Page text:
How SPU students are preparing for the upcoming 2024 presidential election

Conversations about voting start among young adults

Antonio Nevarez, Staff Writer

A women places her ballot in a dropbox outside of the Queen Anne U.S. Bank during the 2022 elections on Tuesday, Nov. 8, 2022. (Rio Giancarlo)

With most high school seniors graduating at the age of 18, it is common for new voters to vote for the first time when they attend college. The most recent presidential election being in 2020, it is almost time for voters and presidential candidates to prepare for the 2024 election. The upcoming election marks an exciting step into adulthood for some Seattle Pacific University students. 

Gail McMillan is a first-year psychology major. McMillan was not old enough to vote in the 2020 election, but now that she is a legal adult, she fully intends on voting in next year’s election. Before she can decide who to vote for, it is important to her that she goes the extra mile to get to know the candidates.

“I plan on doing excessive amounts of research. I will research to the point that I don’t like the two prominent candidates. I will keep researching until I eventually don’t like the top third parties,” McMillan said. “This should not be an easy decision, and I don’t want to pick a candidate quickly.” 

Naomi Smith is a second-year French major who voted in the 2020 election. Smith also makes research a priority when it comes to voting. 

“I do a fair amount of research,” Smith said. “However, it’s not always on the person; it’s usually about who they network with and which groups sponsor their campaigns.”

For Smith, voting is a major privilege that those qualified to vote should take advantage of, especially after decades of marginalized groups fighting for the right to vote. 

“Voting is important, and my ancestors fought too hard for me not to use it,” Smith said. “Vote because there’s a reason generations and communities of marginalized people were massacred in order for them to not have a voice. We are the new old people. It’s worse not to vote and acknowledge we have responsibilities to our community.”

Getting younger people to vote in the United States is not an easy task. According to, about 76% of Americans between the ages of 65 and 74 voted in the 2020 election, while only 51.4% of Americans from the ages of 18 to 24 voted.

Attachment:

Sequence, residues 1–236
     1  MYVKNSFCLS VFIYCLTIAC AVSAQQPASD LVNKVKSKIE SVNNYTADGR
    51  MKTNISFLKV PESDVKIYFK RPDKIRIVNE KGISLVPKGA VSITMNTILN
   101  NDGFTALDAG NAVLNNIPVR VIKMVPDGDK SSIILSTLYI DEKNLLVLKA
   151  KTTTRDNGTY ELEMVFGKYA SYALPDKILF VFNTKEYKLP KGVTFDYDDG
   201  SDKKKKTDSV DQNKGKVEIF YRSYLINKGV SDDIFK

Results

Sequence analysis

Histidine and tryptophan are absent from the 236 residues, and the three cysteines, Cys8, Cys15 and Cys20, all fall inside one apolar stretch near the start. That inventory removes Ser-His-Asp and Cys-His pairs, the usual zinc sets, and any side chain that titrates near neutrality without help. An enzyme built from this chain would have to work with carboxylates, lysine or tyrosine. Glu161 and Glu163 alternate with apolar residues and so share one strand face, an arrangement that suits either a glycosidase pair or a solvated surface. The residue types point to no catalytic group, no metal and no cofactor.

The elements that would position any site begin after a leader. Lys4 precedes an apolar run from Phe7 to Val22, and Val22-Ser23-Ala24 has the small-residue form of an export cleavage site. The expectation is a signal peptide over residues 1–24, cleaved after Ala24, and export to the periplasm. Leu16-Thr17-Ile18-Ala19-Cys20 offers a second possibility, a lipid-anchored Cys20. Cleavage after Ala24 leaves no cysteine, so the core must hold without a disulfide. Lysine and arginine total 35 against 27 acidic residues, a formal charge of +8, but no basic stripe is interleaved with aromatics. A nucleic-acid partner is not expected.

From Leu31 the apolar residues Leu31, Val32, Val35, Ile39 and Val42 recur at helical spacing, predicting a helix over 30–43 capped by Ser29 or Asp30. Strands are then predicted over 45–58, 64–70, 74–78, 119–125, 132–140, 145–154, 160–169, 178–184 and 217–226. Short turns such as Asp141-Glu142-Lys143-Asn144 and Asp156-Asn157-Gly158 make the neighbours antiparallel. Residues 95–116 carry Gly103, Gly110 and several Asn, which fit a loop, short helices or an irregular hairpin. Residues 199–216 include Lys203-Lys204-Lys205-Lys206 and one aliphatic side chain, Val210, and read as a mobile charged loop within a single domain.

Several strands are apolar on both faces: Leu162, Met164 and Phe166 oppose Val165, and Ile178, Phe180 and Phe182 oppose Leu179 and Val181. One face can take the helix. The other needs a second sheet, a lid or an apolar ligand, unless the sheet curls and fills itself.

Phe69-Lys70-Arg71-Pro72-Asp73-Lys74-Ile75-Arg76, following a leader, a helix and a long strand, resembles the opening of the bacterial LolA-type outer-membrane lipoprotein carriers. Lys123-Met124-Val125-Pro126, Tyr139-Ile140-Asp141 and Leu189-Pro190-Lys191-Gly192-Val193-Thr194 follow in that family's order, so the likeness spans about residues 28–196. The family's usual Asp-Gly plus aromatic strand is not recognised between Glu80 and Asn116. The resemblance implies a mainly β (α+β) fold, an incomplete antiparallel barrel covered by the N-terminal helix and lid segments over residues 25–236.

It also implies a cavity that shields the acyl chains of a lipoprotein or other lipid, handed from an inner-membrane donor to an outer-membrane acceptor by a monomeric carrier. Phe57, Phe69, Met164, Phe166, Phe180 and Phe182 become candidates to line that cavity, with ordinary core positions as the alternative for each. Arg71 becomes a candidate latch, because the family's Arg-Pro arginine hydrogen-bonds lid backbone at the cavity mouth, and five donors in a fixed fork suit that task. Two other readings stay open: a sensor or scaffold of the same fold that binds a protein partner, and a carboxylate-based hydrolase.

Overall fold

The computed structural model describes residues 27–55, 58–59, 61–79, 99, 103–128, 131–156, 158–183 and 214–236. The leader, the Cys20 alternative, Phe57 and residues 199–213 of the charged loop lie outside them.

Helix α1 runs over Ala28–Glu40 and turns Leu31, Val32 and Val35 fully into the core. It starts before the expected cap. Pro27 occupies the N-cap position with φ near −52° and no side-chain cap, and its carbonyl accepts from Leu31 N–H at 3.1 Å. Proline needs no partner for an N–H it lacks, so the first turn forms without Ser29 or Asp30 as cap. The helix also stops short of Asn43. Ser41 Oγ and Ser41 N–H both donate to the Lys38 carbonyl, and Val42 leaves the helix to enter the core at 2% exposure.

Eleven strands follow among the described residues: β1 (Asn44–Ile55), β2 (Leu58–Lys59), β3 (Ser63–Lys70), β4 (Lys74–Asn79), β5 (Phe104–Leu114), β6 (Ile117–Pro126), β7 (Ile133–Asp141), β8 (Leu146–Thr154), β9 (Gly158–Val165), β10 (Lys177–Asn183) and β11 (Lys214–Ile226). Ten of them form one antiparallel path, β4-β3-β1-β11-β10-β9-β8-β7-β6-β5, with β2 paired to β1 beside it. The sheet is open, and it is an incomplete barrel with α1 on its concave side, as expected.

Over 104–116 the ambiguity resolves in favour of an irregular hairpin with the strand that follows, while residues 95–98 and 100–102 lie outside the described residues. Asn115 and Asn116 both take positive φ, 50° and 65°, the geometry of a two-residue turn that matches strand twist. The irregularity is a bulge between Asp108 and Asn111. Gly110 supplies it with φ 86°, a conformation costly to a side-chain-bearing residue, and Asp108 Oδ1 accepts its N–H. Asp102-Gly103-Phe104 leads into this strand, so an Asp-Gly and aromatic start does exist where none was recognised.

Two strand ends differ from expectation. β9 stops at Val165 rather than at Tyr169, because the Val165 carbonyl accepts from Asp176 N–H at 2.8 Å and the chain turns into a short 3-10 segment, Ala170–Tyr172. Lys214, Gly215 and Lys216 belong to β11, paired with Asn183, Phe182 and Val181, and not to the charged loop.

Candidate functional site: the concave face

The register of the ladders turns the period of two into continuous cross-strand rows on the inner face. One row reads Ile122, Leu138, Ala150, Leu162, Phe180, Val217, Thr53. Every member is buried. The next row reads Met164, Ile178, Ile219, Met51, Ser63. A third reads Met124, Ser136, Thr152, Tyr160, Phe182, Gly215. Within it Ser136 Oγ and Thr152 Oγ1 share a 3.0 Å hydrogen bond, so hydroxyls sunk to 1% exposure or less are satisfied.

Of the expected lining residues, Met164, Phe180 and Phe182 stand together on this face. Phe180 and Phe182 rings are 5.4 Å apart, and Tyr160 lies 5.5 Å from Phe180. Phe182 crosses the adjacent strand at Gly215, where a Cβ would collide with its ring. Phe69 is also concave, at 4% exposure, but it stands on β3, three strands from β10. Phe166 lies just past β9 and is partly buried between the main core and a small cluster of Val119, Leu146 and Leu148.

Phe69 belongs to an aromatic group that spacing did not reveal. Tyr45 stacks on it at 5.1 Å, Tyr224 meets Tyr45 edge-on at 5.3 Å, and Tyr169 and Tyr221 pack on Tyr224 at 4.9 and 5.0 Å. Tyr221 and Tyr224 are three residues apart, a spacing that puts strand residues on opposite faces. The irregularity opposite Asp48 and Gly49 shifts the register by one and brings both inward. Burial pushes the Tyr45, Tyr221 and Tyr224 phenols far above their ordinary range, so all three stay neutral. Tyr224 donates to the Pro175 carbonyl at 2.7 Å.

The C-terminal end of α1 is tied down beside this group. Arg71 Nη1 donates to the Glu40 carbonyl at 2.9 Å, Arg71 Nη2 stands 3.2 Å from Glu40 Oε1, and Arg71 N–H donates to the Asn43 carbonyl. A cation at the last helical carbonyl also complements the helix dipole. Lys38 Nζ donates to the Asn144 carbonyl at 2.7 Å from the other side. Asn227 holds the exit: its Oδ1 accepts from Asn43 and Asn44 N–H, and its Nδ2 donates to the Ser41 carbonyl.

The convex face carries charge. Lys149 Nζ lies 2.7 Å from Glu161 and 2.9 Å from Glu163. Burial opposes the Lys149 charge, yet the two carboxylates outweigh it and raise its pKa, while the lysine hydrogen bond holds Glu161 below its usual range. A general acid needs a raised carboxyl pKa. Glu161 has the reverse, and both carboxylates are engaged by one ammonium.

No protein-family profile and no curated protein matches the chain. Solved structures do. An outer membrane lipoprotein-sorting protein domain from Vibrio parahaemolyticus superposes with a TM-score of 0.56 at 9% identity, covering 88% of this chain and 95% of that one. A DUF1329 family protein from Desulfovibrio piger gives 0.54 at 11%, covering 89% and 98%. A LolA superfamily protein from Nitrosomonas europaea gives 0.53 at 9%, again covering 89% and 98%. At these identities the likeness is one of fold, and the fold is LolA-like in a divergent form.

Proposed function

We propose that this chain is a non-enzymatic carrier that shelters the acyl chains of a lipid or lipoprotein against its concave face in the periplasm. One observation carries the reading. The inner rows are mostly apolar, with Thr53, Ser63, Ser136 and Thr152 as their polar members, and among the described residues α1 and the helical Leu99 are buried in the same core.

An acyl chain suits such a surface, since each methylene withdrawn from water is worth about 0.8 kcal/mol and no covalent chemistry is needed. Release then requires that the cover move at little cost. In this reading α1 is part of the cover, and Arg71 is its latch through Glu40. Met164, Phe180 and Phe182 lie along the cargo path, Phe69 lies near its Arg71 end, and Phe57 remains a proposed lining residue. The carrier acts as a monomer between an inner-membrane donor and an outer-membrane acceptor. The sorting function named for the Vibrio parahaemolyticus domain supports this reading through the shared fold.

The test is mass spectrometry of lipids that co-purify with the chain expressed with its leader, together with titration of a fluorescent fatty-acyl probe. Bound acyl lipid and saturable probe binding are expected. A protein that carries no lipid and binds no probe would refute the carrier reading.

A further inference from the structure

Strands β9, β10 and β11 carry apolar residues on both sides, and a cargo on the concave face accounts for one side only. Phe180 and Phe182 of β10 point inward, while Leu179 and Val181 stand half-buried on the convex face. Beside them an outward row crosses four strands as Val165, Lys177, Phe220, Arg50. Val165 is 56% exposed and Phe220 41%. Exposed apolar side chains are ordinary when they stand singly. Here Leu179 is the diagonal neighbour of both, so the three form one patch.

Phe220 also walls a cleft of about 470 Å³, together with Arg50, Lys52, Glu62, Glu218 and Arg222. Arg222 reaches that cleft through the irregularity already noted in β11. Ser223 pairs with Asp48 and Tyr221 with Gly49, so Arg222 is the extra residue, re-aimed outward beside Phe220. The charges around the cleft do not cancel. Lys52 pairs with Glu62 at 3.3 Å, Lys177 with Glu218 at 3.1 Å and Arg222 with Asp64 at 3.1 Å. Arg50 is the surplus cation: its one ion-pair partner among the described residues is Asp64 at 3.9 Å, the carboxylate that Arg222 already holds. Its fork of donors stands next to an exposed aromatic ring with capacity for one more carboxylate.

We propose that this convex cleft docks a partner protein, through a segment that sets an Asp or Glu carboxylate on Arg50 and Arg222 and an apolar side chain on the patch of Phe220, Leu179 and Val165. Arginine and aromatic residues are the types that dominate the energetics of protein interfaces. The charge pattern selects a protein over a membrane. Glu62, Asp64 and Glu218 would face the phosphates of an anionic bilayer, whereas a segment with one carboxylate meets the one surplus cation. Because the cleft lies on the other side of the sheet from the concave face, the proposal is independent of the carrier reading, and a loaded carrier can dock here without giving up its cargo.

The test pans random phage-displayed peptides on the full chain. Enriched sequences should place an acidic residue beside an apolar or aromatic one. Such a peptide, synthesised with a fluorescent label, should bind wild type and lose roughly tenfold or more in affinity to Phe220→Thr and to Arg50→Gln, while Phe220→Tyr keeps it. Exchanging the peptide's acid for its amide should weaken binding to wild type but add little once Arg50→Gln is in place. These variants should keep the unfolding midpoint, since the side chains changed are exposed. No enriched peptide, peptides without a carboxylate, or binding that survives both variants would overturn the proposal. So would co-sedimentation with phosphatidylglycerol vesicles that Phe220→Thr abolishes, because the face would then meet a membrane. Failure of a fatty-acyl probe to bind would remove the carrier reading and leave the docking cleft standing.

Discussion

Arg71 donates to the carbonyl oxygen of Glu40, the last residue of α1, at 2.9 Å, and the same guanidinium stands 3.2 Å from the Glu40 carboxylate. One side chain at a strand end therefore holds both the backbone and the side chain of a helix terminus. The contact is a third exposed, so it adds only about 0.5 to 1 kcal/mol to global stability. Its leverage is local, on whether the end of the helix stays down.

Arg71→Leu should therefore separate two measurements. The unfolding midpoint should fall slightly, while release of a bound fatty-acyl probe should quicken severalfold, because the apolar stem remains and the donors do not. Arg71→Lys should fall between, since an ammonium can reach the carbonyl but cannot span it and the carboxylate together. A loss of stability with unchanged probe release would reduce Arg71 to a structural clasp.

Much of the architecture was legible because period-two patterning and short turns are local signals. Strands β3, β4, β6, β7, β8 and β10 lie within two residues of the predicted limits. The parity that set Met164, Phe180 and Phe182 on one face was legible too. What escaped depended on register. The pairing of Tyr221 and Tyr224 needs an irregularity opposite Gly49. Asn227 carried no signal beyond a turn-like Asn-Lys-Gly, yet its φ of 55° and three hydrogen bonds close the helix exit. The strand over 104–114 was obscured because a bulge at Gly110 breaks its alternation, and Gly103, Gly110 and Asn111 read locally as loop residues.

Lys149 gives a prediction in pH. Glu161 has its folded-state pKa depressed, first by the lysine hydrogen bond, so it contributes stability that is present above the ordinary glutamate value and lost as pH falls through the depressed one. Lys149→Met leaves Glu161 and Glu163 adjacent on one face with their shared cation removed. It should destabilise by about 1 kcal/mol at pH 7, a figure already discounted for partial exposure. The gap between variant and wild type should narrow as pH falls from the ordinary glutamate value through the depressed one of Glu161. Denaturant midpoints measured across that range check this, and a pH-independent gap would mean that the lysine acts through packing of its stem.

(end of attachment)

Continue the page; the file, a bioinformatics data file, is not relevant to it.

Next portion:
While voter turnout among young Americans may not be high, there are efforts in place to try to get more young adults to vote. Notably, organizations like Headcount combine the voter registration process with music. This particular organization is known to partner with musical artists such as Harry Styles, Billie Eilish and Lizzo to promote giveaways and sweepstakes that require participants to register to vote. 

While there are major organizations attempting to get young adults to vote, there is a way to encourage voting registration within your own community, too. 

Lesly Vejar, a first-year nursing major, openly talks about civil issues with her friends in an effort to get them to consider voting. 

“I usually talk to my friends about current issues and try to make them see how important it is that we step in and express our opinions on some matters. Especially now that we are at an age where we can vote and make important decisions like choosing a future president,” Vejar said. “It is important to use this right [to] vote. We also need this new generation to vote and add their mark to the country.”

As of May 2023, a few people have announced their presidential campaigns. Some of these candidates include President Joe Biden, former President Donald Trump, former governor of South Carolina, Nikki Haley, and Robert F. Kennedy Jr., nephew of former President John F. Kennedy. Election Day falls on Tuesday, Nov. 5, 2024. Those eligible to vote in the United States and living in Washington State may register to vote online through VoteWa.